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How scammers teach AI and what to be wary of

How scammers teach AI and what to be wary of AI helpes everyone including fraudsters (Collage: RBC-Ukraine)

Criminals have started utilizing artificial intelligence for fraudulent activities. But is it possible to protect oneself from "smart" technologies aimed at deception? RBC-Ukraine sheds light on scams involving AI and how the average citizen can prevent falling victim to them.

During preparing this material, sources such as Lifehacker and the Ministry of Justice of Ukraine were used.

How AI assists scammers

Scammers, hackers, and other criminals employ artificial intelligence in various ways. However, their ultimate goal is usually the same as in other schemes—to make you click on fake links, download malicious software, or "pay" for non-existent services.

To deceive people, scammers teach AI new "tricks," including:

  • Sending fake personalized messages on social media or other communication platforms.

  • Sending emails or messages pretending to be someone else.

  • Creating fake content such as useful websites, articles, publications, etc.

  • Posting forged job vacancies or offers.

  • Launching fake advertisements or messages.

  • Creating fraudulent investment schemes.

  • Mimicking the voice of a specific person (for voice authentication or to trick people into providing "assistance" to supposedly close acquaintances).

  • Blackmailing victims with highly realistic deepfake pornography.

Some believe that over time, AI may even learn to pass "live checks," where a person's real-time image matches the stored information in the system.

Moreover, criminals use generative AI to outsmart anti-fraud specialists and companies specializing in combating fraud.

How scammers teach AI and what to be wary of

AI learns fast (photo: Рixabay)

What to be wary of

One of the best ways to protect yourself from fraud is to be extremely cautious in any situation that seems "unclear" to you.

Experts from the Ministry of Justice of Ukraine advise citizens to beware of:

  • Duplicate websites (they resemble genuine official sites visually and in content, but the hyperlink contains extra letters or numbers).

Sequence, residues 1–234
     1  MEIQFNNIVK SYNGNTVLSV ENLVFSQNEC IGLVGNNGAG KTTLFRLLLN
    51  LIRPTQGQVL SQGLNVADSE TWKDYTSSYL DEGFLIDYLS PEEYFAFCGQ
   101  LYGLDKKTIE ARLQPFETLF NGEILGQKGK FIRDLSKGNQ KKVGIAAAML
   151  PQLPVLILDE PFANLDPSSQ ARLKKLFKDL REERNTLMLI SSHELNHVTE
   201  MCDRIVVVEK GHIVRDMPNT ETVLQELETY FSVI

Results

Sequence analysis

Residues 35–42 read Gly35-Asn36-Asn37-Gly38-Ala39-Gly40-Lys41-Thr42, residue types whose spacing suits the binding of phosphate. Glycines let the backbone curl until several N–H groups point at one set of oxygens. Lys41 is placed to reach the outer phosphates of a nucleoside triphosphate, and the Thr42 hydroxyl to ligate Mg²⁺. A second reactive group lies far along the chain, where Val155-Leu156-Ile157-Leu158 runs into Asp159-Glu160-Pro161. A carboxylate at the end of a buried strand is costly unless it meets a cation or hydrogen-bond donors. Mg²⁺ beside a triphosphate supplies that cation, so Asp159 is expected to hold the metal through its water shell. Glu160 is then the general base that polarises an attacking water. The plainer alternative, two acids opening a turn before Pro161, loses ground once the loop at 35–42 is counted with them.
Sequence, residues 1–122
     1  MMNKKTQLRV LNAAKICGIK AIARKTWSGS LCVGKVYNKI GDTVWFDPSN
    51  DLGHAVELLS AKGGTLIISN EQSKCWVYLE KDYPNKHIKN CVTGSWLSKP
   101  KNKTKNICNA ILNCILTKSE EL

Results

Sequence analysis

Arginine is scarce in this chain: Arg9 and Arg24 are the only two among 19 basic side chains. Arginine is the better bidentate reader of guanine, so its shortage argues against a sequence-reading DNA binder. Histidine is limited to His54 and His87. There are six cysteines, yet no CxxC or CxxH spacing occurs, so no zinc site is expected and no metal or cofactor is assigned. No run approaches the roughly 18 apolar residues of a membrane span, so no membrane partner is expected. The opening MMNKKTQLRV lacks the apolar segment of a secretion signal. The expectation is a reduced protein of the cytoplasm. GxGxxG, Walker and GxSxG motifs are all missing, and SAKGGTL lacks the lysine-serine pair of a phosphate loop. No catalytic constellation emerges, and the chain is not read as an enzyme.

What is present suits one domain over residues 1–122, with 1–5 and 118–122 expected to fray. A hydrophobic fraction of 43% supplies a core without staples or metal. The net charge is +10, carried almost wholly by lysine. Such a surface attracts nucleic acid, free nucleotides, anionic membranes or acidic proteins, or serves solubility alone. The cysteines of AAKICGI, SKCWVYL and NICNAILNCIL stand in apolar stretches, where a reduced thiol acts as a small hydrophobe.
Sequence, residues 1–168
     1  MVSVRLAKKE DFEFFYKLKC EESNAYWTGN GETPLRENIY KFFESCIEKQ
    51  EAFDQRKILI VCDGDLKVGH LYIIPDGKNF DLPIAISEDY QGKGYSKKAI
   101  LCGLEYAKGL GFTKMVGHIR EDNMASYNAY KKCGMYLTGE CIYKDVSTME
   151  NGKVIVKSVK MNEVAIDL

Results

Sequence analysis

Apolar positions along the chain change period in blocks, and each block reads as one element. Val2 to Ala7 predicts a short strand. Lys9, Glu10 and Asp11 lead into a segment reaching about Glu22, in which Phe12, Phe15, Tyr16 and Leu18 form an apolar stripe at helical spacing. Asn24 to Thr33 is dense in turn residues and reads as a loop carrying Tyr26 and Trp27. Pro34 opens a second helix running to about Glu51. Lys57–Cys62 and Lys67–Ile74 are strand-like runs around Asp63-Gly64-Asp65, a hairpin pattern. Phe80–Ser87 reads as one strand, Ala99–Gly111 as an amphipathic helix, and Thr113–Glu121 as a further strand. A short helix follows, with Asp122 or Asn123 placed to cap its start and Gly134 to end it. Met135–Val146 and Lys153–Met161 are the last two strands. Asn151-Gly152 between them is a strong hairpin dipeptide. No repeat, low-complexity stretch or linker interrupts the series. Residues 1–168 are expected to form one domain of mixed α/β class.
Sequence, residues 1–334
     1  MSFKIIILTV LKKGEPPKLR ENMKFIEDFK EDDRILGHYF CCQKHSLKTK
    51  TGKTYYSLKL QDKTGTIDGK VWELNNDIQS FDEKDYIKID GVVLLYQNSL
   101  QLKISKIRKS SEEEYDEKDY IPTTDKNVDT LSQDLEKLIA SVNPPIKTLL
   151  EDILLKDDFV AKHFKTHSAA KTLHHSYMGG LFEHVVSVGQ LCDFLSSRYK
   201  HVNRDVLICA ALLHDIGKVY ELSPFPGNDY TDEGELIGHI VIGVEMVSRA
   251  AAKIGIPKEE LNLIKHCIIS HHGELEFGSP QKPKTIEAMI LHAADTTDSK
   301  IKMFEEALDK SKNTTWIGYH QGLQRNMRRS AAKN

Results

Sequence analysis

• Fake online stores (they may deceive for money and offer non-existent or low-quality goods).

  • Fake social media pages (they can collect personal data for malicious use and extort money).

  • "Easy" job vacancies and part-time job offers (they often require "deposits" to start a job or gather personal information for subsequent illegal use).

  • Strange messages sent via email or social media (often involving paying a certain amount to claim a "prize" or participate in a "promotion," etc.).

  • Messages pretending to be from banks about account blocking or other issues (they often include requests to send personal data, such as card PIN, 16-digit card number, card expiry date, CVV code, etc.).

  • Messages from postal services (requesting to click on a hyperlink, pay additional fees, or provide additional personal information).

  • Messages like "your relative has been in an accident, and urgent money is needed" (they force trusting citizens to urgently pay large sums to scammers).

How scammers teach AI and what to be wary of

Security is extremely important (photo: Рixabay)

How to protect yourself from "smart" fraud

To avoid falling victim to scammers, it is crucial to remain vigilant.

It's better to double-check suspicious information received a hundred times than to fall "hook, line, and sinker" for criminals. This involves verifying the links of a particular website, scrutinizing social media pages for authenticity, researching information about a potential employer on the official company website, contacting the bank or postal service directly, and reaching out to a supposed "relative in distress," among other precautions.

Additionally, experts advise:

  • Not sharing any personal data and photos with unknown individuals: Even if they claim to be official representatives of a company, bank, or other institutions.

  • Not answering calls from unfamiliar numbers.

  • Not reacting to any suspicious messages.

  • Not clicking on dubious and unclear links.

  • Not logging into random websites using social media, Google, or Apple accounts.

  • Thoroughly verifying the legitimacy of any received messages.

  • Creating unique passwords for each account used.

  • Always reporting any suspicions of fraud.

It's worth noting that Bill Gates made a significant statement about the future of AI not long ago.

Read also if AI can create more jobs than it destroys.